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Say a product cost a and a tax of x% is applied to it, then another tax of y% is applied to the total. Is there a way for me to somehow "combine" the values of x% and y% so that I can do something like this:

a + (a * z%)

where z% is the combined value?

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When you add $p\%$ to $a$ you get $a+(a*p/100)=a*(1+\frac{p}{100})$, so you multiply $a$ with $(1+\frac{p}{100})$. Do that twice. First with $p=x$, then with $p=y$, and you get ... – Jyrki Lahtonen Dec 13 '11 at 6:54
a * ( 1 + x/100) + a * ( 1 + y/100)??? I don't think it's right. For one, I think the expression is probably something like this: (a + (a * x) ) + ((a + (a * x) ) * y) where x and y have already been divided by 100. I want to know if it's possible to get rid of x and y and represent them as a combined value. – StackOverflowNewbie Dec 13 '11 at 7:22
No, that’s not what Jyrki suggested. First you multiply by $1+\frac{x}{100}$ to get $a\left(1+\frac{x}{100}\right)$, which is an $x$% increase over $a$. Then you multiply that by $1+\frac{y}{100}$ to get $$a\left(1+\frac{x}{100}\right)\left(1+\frac{y}{100}\right)\,,$$ a $y$% increase over the $x$% increase. – Brian M. Scott Dec 13 '11 at 7:41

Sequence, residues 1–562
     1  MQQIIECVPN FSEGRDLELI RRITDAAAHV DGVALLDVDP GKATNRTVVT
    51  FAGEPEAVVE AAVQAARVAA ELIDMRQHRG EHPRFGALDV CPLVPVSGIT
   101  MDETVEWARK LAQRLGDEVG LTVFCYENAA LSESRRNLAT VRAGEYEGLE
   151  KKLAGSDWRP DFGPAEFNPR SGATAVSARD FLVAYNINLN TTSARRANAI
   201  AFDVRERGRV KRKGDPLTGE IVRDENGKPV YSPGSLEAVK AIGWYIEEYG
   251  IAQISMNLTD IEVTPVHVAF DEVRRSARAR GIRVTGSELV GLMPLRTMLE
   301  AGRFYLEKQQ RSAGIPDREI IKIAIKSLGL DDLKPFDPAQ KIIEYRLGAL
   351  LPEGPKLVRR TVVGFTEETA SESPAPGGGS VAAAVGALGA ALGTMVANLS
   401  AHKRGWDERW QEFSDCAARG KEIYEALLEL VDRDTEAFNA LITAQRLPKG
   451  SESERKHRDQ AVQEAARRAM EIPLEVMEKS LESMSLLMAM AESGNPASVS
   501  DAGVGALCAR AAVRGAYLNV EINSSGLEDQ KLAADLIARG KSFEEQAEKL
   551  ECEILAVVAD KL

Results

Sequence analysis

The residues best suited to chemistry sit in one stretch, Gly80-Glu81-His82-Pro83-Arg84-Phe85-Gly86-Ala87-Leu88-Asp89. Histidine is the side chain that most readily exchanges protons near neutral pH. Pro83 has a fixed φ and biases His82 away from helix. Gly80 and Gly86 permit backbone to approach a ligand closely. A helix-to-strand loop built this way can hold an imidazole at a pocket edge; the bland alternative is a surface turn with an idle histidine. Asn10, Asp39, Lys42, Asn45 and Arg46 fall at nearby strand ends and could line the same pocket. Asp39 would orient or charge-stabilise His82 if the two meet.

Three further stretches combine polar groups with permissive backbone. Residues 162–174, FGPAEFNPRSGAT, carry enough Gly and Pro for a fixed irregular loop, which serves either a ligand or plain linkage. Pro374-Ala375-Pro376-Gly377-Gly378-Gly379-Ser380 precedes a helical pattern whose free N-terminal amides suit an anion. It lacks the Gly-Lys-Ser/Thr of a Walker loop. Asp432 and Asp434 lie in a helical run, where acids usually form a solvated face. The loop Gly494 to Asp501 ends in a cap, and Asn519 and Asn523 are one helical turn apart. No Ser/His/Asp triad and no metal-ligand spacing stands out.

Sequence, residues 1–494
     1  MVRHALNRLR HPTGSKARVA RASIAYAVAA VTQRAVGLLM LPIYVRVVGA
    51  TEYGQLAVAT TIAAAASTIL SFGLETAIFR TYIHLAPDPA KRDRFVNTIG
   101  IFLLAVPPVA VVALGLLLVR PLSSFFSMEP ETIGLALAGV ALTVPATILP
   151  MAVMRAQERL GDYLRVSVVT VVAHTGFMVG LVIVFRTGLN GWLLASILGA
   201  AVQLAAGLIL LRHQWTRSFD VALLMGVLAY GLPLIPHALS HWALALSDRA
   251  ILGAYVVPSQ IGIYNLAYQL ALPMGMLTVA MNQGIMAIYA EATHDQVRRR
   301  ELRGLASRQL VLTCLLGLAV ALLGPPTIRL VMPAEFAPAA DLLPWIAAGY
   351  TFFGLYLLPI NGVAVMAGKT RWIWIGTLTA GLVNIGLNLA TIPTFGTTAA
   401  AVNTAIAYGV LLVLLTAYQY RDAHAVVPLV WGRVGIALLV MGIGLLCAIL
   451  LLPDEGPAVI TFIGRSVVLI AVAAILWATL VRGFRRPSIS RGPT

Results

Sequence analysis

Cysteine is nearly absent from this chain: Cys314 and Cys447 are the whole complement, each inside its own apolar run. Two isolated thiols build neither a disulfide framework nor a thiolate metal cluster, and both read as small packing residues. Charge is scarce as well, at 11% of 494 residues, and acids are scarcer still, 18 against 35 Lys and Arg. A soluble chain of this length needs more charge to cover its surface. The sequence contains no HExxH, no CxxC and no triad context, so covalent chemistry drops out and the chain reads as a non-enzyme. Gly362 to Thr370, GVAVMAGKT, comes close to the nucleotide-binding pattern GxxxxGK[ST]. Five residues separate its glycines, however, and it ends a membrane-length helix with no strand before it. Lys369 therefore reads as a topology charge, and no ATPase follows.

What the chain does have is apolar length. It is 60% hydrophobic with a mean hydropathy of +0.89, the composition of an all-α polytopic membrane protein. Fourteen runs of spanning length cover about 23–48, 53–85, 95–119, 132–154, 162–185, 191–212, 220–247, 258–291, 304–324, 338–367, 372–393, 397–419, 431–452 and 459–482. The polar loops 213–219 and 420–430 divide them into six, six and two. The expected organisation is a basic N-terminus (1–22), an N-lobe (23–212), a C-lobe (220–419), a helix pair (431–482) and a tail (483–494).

Assuming one tax is applied to the other as well as to the original item, it is easier to start with something like a * (1 + z%) as the form of your tax.

So your double tax is a * (1 + x%) * (1 + y%).

So the combined tax rate is z% = x% + y% + (x% * y%), i.e. one tax is applied to the other as well as to the original item as in the assumption.

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Jyrki's answer is correct. First, take the percentage, rewrite it as a decimal, and add 1 to it. So if the tax increases the price by 5% for example, we multiply the price by 1.05. If the other tax is 10% (and this is a strange tax that taxes tax...), we multiply it again by 1.1. So if the original price is $a$, our new cost is


Now, to get the percent increase, we just subtract out 1 again and write it as a percent. The increase in cost is $.155a$, so a 5% tax and 10% tax will increase the cost by 15.5%

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